Italy finds proposal to skip lunch hard to digest

Italy finds proposal to skip lunch hard to digest

While many European peers nibble a sandwich at their desk, most Italian workers still retire en masse to a “tavola calda” (buffet restaurant) or a company canteen for a slap-up meal, often an hour-long affair involving pasta or meat, a vegetable dish, fruit and coffee.

But, cabinet minister Gianfranco Rotondi said this encourages shirking and obesity, and makes the working day unnecessarily long.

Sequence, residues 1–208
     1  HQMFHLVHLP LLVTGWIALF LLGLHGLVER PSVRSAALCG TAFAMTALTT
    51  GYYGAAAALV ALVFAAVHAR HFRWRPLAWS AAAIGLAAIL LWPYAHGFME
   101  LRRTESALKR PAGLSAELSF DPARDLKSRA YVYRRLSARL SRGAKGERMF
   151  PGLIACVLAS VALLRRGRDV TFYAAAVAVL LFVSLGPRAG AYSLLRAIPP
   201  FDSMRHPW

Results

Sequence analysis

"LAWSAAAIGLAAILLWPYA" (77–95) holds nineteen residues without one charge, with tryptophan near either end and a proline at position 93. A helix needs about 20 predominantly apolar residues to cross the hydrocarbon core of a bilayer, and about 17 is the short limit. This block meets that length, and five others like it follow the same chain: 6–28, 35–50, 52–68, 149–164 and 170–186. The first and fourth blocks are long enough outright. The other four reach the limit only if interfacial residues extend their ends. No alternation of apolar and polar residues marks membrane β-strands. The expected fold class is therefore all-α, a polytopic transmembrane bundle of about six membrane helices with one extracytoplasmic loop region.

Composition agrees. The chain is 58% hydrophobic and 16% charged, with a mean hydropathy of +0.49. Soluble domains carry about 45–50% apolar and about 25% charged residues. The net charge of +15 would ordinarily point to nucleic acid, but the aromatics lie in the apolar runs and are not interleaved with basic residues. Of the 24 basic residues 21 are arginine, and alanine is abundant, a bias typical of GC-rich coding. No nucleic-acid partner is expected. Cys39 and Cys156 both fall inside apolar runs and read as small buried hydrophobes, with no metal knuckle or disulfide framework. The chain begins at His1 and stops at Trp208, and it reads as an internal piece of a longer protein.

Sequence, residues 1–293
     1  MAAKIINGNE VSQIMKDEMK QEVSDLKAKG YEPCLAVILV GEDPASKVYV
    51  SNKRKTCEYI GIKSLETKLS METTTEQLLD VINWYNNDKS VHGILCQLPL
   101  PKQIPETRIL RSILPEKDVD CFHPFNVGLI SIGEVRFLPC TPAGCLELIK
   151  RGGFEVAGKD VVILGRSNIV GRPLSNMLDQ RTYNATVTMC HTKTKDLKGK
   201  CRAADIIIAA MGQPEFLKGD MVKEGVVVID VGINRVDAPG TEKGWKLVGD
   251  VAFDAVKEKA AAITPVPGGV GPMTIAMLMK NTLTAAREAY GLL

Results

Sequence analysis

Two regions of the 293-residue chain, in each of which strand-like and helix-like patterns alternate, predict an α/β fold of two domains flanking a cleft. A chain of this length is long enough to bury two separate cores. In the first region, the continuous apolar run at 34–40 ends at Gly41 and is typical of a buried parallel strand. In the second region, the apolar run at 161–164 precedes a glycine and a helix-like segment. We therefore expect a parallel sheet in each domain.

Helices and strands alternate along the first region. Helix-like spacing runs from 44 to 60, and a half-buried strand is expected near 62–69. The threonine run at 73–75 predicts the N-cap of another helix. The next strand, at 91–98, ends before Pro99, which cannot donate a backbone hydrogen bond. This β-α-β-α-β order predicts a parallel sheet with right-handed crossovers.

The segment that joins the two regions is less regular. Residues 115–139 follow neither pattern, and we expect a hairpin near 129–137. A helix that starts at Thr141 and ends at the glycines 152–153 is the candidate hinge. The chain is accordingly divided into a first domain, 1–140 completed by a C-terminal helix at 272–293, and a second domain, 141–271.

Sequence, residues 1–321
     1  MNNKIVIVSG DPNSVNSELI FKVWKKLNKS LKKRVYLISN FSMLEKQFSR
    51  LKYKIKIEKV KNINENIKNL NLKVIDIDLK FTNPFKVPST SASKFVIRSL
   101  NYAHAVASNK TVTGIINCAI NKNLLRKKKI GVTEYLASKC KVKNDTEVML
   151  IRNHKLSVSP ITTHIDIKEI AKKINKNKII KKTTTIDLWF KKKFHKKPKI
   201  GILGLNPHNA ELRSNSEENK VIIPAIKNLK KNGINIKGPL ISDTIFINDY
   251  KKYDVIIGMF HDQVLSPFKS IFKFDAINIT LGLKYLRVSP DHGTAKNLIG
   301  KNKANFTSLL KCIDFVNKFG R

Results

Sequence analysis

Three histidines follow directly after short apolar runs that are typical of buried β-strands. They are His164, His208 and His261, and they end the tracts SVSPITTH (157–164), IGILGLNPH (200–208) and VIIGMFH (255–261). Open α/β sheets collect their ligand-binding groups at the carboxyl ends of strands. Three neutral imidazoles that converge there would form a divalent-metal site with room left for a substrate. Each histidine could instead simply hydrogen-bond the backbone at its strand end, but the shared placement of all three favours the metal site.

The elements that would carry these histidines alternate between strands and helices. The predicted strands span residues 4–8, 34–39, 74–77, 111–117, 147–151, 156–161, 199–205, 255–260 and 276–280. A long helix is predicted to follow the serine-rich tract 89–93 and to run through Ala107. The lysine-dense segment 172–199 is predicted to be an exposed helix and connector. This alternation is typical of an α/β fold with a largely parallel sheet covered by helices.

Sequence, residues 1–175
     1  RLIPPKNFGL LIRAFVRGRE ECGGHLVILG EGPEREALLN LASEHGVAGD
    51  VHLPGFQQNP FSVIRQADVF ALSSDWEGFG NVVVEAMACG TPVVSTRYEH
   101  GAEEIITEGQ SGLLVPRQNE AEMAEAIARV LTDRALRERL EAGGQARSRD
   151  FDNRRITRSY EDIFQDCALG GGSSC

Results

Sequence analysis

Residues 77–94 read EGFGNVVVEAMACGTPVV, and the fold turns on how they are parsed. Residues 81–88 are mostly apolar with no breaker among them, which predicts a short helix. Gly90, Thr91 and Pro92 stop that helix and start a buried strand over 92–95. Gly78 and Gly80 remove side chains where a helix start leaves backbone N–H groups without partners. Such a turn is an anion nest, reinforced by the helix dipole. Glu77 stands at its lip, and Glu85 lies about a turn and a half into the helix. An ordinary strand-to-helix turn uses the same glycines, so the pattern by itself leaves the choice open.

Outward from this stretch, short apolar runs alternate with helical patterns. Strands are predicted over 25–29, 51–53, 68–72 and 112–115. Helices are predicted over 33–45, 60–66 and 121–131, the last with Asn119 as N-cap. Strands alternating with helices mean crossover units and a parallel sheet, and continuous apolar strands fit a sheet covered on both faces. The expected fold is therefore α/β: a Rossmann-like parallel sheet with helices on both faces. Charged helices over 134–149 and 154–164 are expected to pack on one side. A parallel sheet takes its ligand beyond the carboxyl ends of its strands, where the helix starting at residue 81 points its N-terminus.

His comments were front-page news, lampooned by cartoonists and rejected by trade unions rallying around the workers’ right to a lunchbreak. Nutritionists warned that if Italians skipped their lunch, they could collapse in the afternoon.

“It is bad for output and also for the harmony of the day. I never liked this ritual which brings Italy to a standstill,” the minister said late on Monday.

In the face of the uproar his comments produced, Rotondi later clarified that he had “never proposed abolishing lunchbreaks”. “I only said that I abolished mine 20 years ago. The ideal thing would be for workers to choose,” he told reporters.